Example: Troubleshooting SCF convergence: Ti2O4¶
One can run into SCF convergence problems when calculating certain types of systems. Some of the notorious examples are transition metal oxides and lanthanide compounds. Below, several approaches to solving the SCF convergence problem are demonstrated.
The first approach is to try a new DIIS algorithm, which will probably become default in a future version. The new algorithm is switched on by using the keyword NewDIIS anywhere in the input file:
$ADFBIN/adf << eor Title Ti2O4 SCF aid test (NewDIIS) Atoms Ti 1.730 0.000 0.000 Ti -1.730 0.000 0.000 O 0.000 1.224 0.000 O 0.000 -1.224 0.000 O 3.850 0.000 0.000 O -3.850 0.000 0.000 End XC GGA Becke Perdew End Basis Type DZ Core Small End SCF Iterations 300 End NewDIIS End input eor
Second approach is an extension to the so-called “electron smearing” method. In this method, the electrons are distributed among orbitals around Fermi-level using a pseudo-thermal distribution function. Although the result with fractional occupation number has no physical sense, the method can be used to achieve integer occupation numbers by reducing the smearing parameter step-wise. In the example above, replace the NewDIIS keyword with the following line of text:
A few notes:
- You can specify up to ten comma-delimited values after Smear= (no spaces are allowed). ADF will start from the first value and try to converge SCF using it. If it succeeds, the next value will be picked and so on.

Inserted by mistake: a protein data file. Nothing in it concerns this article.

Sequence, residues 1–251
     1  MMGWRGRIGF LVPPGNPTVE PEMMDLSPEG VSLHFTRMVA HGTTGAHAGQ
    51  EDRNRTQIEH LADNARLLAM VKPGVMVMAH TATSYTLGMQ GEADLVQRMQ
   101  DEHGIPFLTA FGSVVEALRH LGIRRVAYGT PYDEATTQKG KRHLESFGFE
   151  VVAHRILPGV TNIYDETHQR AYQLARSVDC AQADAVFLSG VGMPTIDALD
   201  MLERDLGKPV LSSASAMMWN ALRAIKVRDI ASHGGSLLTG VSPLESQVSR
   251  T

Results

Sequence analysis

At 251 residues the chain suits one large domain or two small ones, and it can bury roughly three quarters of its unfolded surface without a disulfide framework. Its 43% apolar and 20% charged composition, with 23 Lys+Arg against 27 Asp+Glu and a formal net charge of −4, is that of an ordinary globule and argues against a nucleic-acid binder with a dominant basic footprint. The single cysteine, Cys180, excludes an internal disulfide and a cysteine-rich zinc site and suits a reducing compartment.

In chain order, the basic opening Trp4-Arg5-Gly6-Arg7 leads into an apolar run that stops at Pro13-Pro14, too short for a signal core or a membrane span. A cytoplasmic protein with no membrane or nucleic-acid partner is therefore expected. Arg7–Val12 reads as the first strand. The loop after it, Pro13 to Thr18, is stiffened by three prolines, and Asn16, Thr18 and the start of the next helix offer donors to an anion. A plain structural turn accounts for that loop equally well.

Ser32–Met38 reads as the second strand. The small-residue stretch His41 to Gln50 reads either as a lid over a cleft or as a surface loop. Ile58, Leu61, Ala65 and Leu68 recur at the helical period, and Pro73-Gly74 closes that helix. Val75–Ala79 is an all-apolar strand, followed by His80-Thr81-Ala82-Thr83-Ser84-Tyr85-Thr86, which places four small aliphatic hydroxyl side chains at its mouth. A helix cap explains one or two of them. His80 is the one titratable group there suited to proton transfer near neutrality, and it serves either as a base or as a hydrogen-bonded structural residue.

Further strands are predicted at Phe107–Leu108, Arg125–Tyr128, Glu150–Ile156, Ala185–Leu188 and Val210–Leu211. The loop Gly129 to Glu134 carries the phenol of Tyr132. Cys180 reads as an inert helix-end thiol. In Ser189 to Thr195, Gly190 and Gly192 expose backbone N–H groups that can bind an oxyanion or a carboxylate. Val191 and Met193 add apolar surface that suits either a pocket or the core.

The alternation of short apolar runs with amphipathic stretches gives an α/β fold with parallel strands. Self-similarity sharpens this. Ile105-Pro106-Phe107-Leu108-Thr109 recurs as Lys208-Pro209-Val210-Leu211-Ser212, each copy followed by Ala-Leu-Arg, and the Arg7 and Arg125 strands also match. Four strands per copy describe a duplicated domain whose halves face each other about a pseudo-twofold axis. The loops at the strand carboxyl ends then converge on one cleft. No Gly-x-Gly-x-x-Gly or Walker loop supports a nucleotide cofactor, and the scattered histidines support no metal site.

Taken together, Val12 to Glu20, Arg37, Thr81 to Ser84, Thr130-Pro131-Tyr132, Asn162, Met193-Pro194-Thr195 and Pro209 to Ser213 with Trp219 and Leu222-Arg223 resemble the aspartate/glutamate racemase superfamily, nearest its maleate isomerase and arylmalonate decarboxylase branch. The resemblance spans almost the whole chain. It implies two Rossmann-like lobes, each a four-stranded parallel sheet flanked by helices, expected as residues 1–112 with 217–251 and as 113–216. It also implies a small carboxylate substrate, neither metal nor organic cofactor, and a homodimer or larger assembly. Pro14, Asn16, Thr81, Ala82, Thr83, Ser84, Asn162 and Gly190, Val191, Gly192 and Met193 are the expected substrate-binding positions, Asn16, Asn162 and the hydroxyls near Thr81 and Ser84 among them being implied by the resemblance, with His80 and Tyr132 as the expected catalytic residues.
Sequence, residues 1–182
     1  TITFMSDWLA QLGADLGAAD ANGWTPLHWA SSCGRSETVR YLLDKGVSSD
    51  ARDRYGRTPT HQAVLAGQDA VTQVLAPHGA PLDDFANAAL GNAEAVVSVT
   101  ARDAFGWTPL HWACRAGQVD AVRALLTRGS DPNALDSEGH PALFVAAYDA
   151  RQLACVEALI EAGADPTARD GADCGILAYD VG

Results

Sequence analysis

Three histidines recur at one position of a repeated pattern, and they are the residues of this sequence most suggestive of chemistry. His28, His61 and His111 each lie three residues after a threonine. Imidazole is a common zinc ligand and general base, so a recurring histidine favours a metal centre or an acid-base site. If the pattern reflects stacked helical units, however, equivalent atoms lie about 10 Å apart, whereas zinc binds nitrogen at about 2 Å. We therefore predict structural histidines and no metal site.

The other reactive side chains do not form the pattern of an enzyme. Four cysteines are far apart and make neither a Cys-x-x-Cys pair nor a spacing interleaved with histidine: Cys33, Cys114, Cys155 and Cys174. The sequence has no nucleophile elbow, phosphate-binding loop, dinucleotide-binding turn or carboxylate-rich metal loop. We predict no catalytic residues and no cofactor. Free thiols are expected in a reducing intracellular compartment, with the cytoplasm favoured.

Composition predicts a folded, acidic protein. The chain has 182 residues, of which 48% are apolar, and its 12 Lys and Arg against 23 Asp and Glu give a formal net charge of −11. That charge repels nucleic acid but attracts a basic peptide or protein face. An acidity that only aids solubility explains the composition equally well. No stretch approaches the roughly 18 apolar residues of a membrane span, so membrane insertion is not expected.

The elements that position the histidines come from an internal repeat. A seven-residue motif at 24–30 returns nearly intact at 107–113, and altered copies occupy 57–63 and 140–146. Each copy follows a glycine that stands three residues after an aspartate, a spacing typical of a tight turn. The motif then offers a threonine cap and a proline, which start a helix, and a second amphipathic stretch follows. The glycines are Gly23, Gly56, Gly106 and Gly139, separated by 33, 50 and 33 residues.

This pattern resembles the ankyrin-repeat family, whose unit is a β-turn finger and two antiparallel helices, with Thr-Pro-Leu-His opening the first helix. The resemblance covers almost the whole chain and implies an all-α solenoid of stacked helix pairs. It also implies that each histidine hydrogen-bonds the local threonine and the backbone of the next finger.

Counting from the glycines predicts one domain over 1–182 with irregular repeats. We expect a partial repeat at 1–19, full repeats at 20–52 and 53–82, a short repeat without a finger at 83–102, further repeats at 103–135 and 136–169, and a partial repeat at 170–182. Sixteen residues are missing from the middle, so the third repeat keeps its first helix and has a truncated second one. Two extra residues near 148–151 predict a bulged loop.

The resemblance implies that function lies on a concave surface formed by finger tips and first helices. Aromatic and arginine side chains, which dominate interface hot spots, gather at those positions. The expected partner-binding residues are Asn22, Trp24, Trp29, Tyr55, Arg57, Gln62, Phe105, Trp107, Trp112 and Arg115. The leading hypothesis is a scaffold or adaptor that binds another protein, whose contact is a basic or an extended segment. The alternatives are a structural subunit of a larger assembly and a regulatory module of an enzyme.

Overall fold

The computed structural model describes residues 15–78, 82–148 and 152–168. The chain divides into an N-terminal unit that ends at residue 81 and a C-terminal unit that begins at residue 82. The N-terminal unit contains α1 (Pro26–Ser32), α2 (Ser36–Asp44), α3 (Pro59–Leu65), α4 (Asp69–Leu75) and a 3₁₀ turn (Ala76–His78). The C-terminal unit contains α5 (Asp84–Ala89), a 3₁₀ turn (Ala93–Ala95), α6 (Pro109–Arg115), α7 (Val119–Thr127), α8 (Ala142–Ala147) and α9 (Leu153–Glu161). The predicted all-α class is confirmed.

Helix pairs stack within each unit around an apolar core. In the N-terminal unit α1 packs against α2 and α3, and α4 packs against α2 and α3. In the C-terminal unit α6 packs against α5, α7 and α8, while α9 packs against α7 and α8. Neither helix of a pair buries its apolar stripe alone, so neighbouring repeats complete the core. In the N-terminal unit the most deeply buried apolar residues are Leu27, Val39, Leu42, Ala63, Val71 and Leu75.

- Because the whole process may require many cycles to converge it is important to set the number of SCF cycles to a large value to avoid a premature termination.
Steepest descent method
The third example demonstrates the use of the Occupations Steep= option (see the User’s Guide for details). There are two differences from the previous example shown below:
SCF Iterations 300 Mixing 0.05 DIIS N=0 End Occupations Steep=0.5,0.3
One difference is, obviously, in the Occupations keyword. The other difference is more subtle. For stable convergence, it is often essential to switch off DIIS and set the mixing parameter to a low value. Of course, it will make convergence quite (sometimes very) slow. Ultimately you should get either an aufbau configuration or a configuration with exactly degenerate HOMO. In this example, the result is an aufbau solution.
Both methods should, in principle, give the same result, which is the case in this example.
The fourth example uses the so called A-DIIS method. The A-DIIS method combines the strength of the ARH and DIIS methods. It does not require energy evaluation so it is much cheaper than the ARH and Energy-DIIS methods.
SCF Iterations 300 Mixing 0.05 ADIIS End
The fifth example uses the so called Energy-DIIS method. Please note that similar to ARH and unlike the standard SCF procedure in ADF this method requires energy evaluation at each SCF cycle, which makes it significantly slower compared to energy-free SCF. :: SCF Iterations 300 Mixing 0.05 EDIIS End Augmented Roothaan-Hall The sixth example uses the Augmented Roothaan-Hall (ARH) method. The basic idea of this method is that the density matrix is optimized directly to minimize the total energy. Important: the ARH method can be used with SYMMETRY NOSYM only. :: Symmetry NOSYM SCF Iterations 300 Mixing 0.05 ARH End LISTi The seventh example uses the LISTi method. LISTi is very similar to the usual DIIS but typically it performs much better. It is also computationally less expensive and scales better in parallel even though DIIS is rarely a scaling bottleneck. :: SCF Iterations 300 LISTi End